He is the founder of Silicon Valley Tweetup and is actively involved in the Social Media Club, Silicon Valley Chapter. He is a business advisor for the social media marketing company Izea and online resource; a business advisor to Lonesome George & Co.; and he is an early investor of social business hub OneForty. He is a frequent speaker at industry conferences as well as a guest lecturer at various universities, including Cal Berkeley, the University of San Francisco, Stanford University, Syracuse University, and Saint Mary’s College of California. Michael has a Bachelor of Arts in Business degree from Saint Mary’s College and a Master of Science, Integrated Marketing Communications degree from Golden Gate University. He proudly served eight years in the United States Marine Corps.


Michael believes that marketing can be evil at times; but if done right, it can drive customer loyalty, product innovation, and brand advocacy. He believes that marketers need to spend more time listening to the social customer and less time sending one-way marketing messages. He is confident that if brands love their customers, they’ll love them back and tell others about it. He also believes that organizations cannot and will not have effective, external conversations with consumers, unless they can have effective internal conversations first.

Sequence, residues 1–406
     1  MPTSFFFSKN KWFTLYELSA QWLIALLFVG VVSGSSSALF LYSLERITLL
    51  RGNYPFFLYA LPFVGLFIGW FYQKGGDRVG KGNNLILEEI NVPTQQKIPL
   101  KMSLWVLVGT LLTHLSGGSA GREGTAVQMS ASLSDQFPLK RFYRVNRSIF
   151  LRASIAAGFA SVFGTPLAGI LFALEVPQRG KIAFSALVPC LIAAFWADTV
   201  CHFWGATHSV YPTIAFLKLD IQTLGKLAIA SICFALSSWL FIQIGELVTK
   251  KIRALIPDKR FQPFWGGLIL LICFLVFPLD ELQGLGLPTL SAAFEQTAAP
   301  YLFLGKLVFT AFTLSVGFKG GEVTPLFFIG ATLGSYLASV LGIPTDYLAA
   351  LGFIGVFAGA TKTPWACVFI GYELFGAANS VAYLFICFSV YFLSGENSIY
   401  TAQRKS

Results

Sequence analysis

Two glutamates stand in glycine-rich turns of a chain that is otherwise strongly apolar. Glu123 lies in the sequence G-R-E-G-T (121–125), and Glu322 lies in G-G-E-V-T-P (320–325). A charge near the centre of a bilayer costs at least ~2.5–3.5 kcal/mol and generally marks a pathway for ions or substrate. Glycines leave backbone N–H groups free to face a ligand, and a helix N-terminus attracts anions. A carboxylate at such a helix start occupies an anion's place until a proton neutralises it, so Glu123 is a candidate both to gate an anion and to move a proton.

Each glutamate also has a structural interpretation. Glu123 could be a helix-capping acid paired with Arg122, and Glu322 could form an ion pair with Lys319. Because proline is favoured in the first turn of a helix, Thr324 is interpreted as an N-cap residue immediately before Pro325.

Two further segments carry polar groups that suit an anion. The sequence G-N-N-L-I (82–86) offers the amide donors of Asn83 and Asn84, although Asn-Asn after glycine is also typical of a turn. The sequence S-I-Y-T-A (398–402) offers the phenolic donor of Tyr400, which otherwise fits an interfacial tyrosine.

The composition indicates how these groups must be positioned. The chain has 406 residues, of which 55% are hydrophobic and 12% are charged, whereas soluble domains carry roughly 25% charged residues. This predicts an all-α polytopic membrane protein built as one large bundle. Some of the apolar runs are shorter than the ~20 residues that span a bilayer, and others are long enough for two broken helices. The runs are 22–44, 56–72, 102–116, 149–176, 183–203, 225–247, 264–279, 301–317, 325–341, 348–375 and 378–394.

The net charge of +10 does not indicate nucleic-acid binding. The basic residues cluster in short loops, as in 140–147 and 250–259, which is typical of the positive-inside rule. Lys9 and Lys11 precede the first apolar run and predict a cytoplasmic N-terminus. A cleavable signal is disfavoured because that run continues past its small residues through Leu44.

Table of Contents

Foreword by Brian Solis     xvii


Introduction     1

Chapters at a Glance     4

Based on Actual Events     7


Chapter 1:  Human Capital, Evolved     9

Driving Cultural Change in the Social Business     10

Tearing Down the Silos for Organizational Growth     13

Communicating Successful Failures     16

   Qantas Airlines: No Crash, Despite Lots of Rumors     16

   Domino’s Pizza YouTube Crisis     17

   Motrin: Does Anyone Listen to Baby-Wearing Moms?     18

Gaining Executive Sponsorship to Facilitate Change     20

Activating Employees to Engage in Social Media     21

   Fundamentals of Community Management     24

Establishing Continuity in the Global Landscape     26

Standard Organizational Models for the Social Business     29

Who Really Owns Social Media?     34

Taking the Next Steps     34


Chapter 2:  Surveying the Technology Supermarket     37

Choosing the Right Social Software     39

   Jive     39

   Microsoft SharePoint     41

   IBM     41     41

   Tibbr     42

   Yammer     42

   Cisco WebEx Meeting Center     43

Social Listening Software Commoditized     44

   Radian6     44

   Lithium Social Media Monitoring (Formerly ScoutLabs)     46

   Meltwater Buzz     47

Social Relationship Management Applications     48

   Sprinklr     49

   Awareness     49

   The Syncapse Platform     49

   Hearsay Social     50

   Real-Time Analytics and Publishing Efficiencies     51

The Future of External Social Technologies     52

   The Entire Internet Will Be Facebook     53

   Network Consolidation     54

Taking the Next Steps     56

   Social Technologies     56

   Build a Listening Station: Listen and Act     57